ASCSU Campaign: Flint Corliss and Wyatt Mount

Meagan Stackpool

Associated Students of Colorado State University president and vice-president candidates Flint Corliss and Wyatt Mount have centered their campaign around the notions of self-care and being as available as possible to the student body.

“So we decided to run because through following ASCSU, we noticed some things that could be improve(d) through transparency and actually listening to the student’s voices,” Corliss wrote in a statement to The Collegian. “Coming from outside organizations, we would like to use the networks and connections associated with clubs and organizations.”

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Flint Corliss, presidential candidate

man stands for a portrait
ASCSU President candidate Flint Corliss poses for a portrait on April 2, 2019. (Matt Tackett | Collegian)

Formerly an ASCSU senator for the College of Agricultural Sciences, Flint Corliss is a third-year agricultural business and economics major. During his time as a senator, Corliss said he wrote a resolution and sponsored numerous others.

Having previously served as a senator, Corliss expressed the separation he has seen between ASCSU and their constituents.

“I understand the inner workings of how ASCSU runs and the necessity and formality of the organization,” Corliss said. “I’d say since then, kind of stepping away, I noticed that there’s been a big rise in the desire of wanting constituent input.”

Corliss said he has been invested in the community and invested in networking and community outreach which has afforded him a unique opportunity.

Wyatt Mount, vice presidential candidate

man stands for a portrait
ASCSU Vice President candidate Wyatt Mount poses for a portrait on April 2, 2019. (Matt Tackett | Collegian)

An ASCSU outsider, junior agricultural business and accounting major Wyatt Mount is an avidly involved member of the community.

Mount focused on his accounting background as an asset to the student body, also emphasizing his versatility. Mount said working on his family’s ranch has given him experience with large budgets similar to those ASCSU works with. Mount also said that working at the Candlelight Dinner Playhouse has allowed him to connect with people in new ways.

“I got to learn a lot of working with people, creating that one-on-one contact with people to make them feel valued and to make them feel welcome,” Mount said.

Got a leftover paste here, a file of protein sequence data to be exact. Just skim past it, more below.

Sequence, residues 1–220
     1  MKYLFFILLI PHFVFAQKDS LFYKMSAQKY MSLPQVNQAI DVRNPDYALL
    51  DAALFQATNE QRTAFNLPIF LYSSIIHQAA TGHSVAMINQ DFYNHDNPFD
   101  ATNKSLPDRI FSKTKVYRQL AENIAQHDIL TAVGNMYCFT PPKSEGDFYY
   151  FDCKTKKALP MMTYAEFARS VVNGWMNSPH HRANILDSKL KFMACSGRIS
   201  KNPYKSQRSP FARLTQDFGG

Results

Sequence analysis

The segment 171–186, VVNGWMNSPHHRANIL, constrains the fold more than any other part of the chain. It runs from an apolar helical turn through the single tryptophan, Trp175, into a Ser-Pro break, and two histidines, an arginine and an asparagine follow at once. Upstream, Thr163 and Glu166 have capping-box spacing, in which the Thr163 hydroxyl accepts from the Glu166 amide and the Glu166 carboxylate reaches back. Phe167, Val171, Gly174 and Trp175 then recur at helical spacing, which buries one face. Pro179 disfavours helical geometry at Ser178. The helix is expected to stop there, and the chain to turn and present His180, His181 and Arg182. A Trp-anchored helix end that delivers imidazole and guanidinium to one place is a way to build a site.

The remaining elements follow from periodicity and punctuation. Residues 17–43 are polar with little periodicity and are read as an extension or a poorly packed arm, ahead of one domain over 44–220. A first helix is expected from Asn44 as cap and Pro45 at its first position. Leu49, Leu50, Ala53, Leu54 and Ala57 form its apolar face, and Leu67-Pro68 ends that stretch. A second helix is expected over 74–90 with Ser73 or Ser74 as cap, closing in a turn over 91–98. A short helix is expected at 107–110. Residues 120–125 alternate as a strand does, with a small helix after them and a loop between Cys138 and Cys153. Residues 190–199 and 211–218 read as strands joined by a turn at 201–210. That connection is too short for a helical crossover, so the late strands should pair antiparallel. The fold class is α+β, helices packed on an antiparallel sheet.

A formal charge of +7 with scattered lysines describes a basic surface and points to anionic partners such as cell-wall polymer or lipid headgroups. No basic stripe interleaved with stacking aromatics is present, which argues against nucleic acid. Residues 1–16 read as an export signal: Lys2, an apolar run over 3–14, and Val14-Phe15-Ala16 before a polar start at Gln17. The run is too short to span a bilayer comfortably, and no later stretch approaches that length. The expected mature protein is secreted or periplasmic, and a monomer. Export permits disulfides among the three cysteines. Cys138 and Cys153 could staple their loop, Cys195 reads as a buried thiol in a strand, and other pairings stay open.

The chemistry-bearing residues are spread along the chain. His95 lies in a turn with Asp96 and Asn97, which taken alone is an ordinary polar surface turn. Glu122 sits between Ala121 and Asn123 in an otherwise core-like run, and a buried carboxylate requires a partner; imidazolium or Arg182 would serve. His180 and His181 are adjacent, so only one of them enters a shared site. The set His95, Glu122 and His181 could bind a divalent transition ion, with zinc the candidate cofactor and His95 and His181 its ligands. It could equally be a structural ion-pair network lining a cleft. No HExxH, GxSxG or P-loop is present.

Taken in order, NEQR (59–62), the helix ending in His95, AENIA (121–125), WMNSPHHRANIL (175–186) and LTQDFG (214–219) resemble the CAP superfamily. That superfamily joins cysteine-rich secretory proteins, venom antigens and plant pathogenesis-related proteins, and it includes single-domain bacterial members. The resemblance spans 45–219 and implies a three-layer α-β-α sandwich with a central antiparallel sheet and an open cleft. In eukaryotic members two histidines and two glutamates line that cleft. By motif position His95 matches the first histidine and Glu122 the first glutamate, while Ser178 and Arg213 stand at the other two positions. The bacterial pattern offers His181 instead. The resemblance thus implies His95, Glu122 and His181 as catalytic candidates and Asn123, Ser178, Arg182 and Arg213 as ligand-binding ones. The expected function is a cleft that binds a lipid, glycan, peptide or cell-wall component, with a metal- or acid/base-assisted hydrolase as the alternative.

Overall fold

Their platform

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First and foremost, Corliss and Mount want students to know that they want to be an advocate for them.

Spending the first few days of their campaign collecting students’ ideas on what they would like to see change at CSU, the candidates emphasized their “listening first and speaking second” approach.

Corliss and Mount want to take existing programs and build them up further. The major focus of their platform is a three-pronged self-care plan: food, housing and mental health.

Mount said food insecurity should not be a stressor for students, explaining that the candidates want to work with Rams Against Hunger to grow the scope of students they reach.

Last fall, after the largest freshman class ever, approximately 100 freshmen had to live in overflow housing after the dorms hit capacity. Mount said in response, they want to work with CSU to rework the Live On campaign to include freshmen.

Concerning mental health, Mount said that they want to work with the Health Network Counseling Services to grow what is already there, as well as to work to diminish the stigma surrounding mental health. 

“We also want to work to get rid of that negative stigma so people aren’t just seen as weak for having mental health and instead of seeing are seen as strong for being willing to go get help,” Mount said. “So we’re kind of stretching out our hand to help those people.”

Corliss said through student input, they added parking to their platform and had reached out to Parking and Transportation Services to set up a meeting with their director and deputy director.

“We want to take those responses that we got and amplify them in places that matter in places of importance where we can actually get things changed,” Corliss said.

Meagan Stackpool can be reached at news@collegian.com or on Twitter @MeaganStackpool.